Tuesday, May 4, 2010

I've been robbed. Call Batman!!!

Writing and publishing are part-time gigs for me. My main business is selling a wide range of telecommunications equipment -- everything from office phone systems, to fun phones, and installation supplies and tools. Our customers range from the White House to everyman.

Since 1995 I've created about 80 websites. Some stay online for years. Some fail to achieve their goals or simply become unnecessary, and are deleted from cyberspace. At any particular time, about 30 of my sites are online.

Over the years, about 100 competitors (that I know of) have copied my designs, words and photographs. One thief, Hindustan Telecom, was so stupid that it even copied my list of customers. The Indian idiots are still displaying words I wrote and graphics I devised more than 10 years ago!

Usually the thieves will remove the purloined intellectual property after I send them an email, without involving the law or lawyers. My standard message includes this line: "It takes big balls to steal unique intellectual property. It takes a small brain to display the stolen property where everyone can see it." The owner of the company or operator of the website usually apologises and blames an employee or other third party.

Last night I discovered a new kind of theft.

A few years ago I designed a Batphone for sale by my company. They're made for us and we are the only source.

This is a photo I personally took of the phone, with my own camera, mounted on my own tripod, in my own office, for use on my company's websites and in press releases.

(above) I found this "pop art" print for sale on a website called Bonanzle.com. It doesn't require a forensics expert to determine that my photo was the source material. The listed artist/criminal is Suzanne Maestri-Walters, and she stupidly put a 2010 copyright notice on the work. The stupid Indians still show a 2001 copyright date on MY work.

Sorry, Suzy, it doesn't work that way. You committed a crime. I am the creator and copyright-holder of the original work, and I control the right to produce derivative work from it. You are not allowed to copyright something derived from my creation.

You did not ask for permission, receive permission, or pay for the right to use MY intellectual property. You do not deserve to make a profit based on MY work. Burn in hell, Suzie!

Criminal copyright infringement, including infringement without monetary gain, is investigated by the FBI and is punishable by up to FIVE YEARS IN FEDERAL PRISON and a $250,000 fine. Go to jail, Suzie!

It's absurd for an artist who is presumably proud of her own creations, to steal the work of other creative people.

If Suzie had asked permission to use my photo, I probably would have given her permission. But because she took without asking, I want her to pay me and be humiliated. I seldom forgive, I seldom forget, and I don't like thieves.
Suzie has also "created" art based on photographs taken by other people. Something tells me that she did not get permission for those derivations, either.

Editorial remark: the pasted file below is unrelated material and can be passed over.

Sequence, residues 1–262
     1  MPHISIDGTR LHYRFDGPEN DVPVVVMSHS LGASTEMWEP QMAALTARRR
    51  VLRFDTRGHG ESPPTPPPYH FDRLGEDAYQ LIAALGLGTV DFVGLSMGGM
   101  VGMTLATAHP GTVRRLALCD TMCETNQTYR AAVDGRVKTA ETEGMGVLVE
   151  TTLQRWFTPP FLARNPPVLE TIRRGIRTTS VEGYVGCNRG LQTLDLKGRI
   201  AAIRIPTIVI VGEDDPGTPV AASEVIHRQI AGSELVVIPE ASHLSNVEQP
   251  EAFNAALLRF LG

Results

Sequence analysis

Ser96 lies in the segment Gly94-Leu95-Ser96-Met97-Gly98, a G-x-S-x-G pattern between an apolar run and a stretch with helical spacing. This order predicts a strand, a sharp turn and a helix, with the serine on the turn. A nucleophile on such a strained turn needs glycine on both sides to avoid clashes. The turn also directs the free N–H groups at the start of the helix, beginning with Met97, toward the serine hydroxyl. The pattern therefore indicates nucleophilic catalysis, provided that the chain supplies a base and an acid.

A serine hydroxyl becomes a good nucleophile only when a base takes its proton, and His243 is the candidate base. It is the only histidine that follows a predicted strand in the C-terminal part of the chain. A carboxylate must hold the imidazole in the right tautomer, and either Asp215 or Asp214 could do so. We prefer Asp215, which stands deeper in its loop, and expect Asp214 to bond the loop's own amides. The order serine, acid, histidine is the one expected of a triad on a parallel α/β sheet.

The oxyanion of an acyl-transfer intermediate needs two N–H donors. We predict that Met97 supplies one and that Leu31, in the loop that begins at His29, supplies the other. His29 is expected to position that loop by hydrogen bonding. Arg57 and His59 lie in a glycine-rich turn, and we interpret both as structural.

This situation is similar to the case where artist Shepard Fairey created his famous "Hope" poster based on a photograph of Barack Obama taken by Associated Press photographer Mannie Garcia -- without permission from the AP or Garcia.

The Associated Press was justifiably pissed off about an AP photo being used without permission and tried to make a deal with Fairey. According to Wikipedia, Fairey filed a federal lawsuit against the Associated Press, seeking a declaratory judgment that his use of the AP photo was protected by the fair use doctrine and so did not infringe their copyright. Fairey admitted that he had based the poster on the AP photo and had fabricated and destroyed evidence to hide the fact. Photographer Garcia contended that he retained copyright to the photo according to his AP contract. He said that he did not "condone people taking things, just because they can, off the Internet."

It will be interesting to see what defense Suzie comes up with.

She's not the only one who ripped off my Batphone design. A company in China bought a phone from us, and has been selling knock-offs in England.

It's important that all creative people be vigilant about theft of their work. It's very easy to copy eBooks or anything on the web. Periodically use Google to search for unique phrases that you wrote, and look for your photographs and drawings, too.

(Photo at top is from ABC Television. I thank them.)

UPDATE (WEDNESDAY): Yesterday I sent an email to the thieving Suzie. She removed "my" artwork from her website, Facebook page and the site that sells her work. She has not responded to me, or removed artwork derived from other photos that she may not have permission to use.



  1. The Arabs are right. Suzie's hands should be chopped off.

  2. This is complete bullshit. I am working on a "Cease and Desist" right now, as a matter of fact.

    I have a competitor using a truncated version of my website address to funnel traffic away from my own website. I already contacted my attorney. We'll see how it goes.

    Sick 'em!

  3. Did you get permission from the Batman franchise for use of the Batphone design and the Batman references? Not to defend the image appropriator, but, I'm just sayin'...

  4. To BD Test:

    Absolutely not. I designed the phone myself, and it is not identical to the one on the TV show. As for the use of the term "Batphone" -- it's a common part of culture, and I'm willing to take a chance.